Antisocial Behavior: the Impact of Psychopathic Traits, Heart Rate Variability, and Gender

Lauren A. Delk, Derek P. Spangler, Roberto Guerra, Vincent Ly, Bradley A. White

Research output: Contribution to journalArticlepeer-review

3 Scopus citations


Psychopathic traits and emotion regulation (ER) deficits increase vulnerability to engage in antisocial behavior (ASB), even in community contexts (e.g., college students engaging in risky driving, plagiarism, assaults, etc.). These behaviors are often illegal and risk harm to others, motivating research to understand and manage them. However, the potential moderating role of ER on the relationship between psychopathy and ASB, and how this may vary by gender, is unknown. The present study examined this question using vagally mediated high frequency heart rate variability (HRV) as an autonomic nervous system correlate of ER. We hypothesized that meanness and disinhibition traits influence on ASB would be buffered by high resting HRV, and further vary by gender. Undergraduate students (n = 122, 65% female, ages 18–24 years, 71% Caucasian) reported on psychopathic traits and ASB prior to baseline HRV assessment. Psychopathic disinhibition uniquely predicted ASB in men and women. The role of meanness was qualified by gender and HRV. Specifically, high HRV in women buffered against high meanness expression as ASB, while the relationship was not significant for men. Findings suggest that expression of certain psychopathic traits as ASB may depend upon one’s gender and cardiac vagal ER processes. Thus, it may be helpful to consider biological factors in assessment and treatment of personality traits and antisocial behavior.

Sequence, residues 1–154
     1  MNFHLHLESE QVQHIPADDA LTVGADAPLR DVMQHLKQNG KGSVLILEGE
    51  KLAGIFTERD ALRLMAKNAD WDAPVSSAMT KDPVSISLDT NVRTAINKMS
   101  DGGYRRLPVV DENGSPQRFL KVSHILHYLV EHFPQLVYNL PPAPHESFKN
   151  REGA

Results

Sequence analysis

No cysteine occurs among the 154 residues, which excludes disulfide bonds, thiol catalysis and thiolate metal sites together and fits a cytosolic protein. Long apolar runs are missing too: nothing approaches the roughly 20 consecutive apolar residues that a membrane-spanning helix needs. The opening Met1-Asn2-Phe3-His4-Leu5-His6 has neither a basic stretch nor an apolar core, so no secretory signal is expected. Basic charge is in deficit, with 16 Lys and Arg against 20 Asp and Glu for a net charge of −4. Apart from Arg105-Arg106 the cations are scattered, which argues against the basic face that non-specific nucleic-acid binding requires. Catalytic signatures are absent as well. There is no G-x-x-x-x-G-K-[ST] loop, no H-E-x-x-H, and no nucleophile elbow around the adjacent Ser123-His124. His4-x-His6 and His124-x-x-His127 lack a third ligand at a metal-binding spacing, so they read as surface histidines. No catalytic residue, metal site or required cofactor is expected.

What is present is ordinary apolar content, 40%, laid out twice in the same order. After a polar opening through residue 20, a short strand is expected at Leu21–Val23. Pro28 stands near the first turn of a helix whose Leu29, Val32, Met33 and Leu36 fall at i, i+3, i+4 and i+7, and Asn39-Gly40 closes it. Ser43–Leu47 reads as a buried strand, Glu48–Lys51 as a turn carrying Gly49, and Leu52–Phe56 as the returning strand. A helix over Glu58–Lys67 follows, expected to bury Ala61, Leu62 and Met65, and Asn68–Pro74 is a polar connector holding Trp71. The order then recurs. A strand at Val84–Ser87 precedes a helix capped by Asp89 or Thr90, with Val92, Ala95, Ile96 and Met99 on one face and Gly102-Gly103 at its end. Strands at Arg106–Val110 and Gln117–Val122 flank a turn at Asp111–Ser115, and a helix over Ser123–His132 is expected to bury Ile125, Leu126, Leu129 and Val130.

Original languageEnglish (US)
Pages (from-to)637-646
Number of pages10
JournalJournal of Psychopathology and Behavioral Assessment
Issue number4
StatePublished - Dec 1 2020

All Science Journal Classification (ASJC) codes

  • Clinical Psychology


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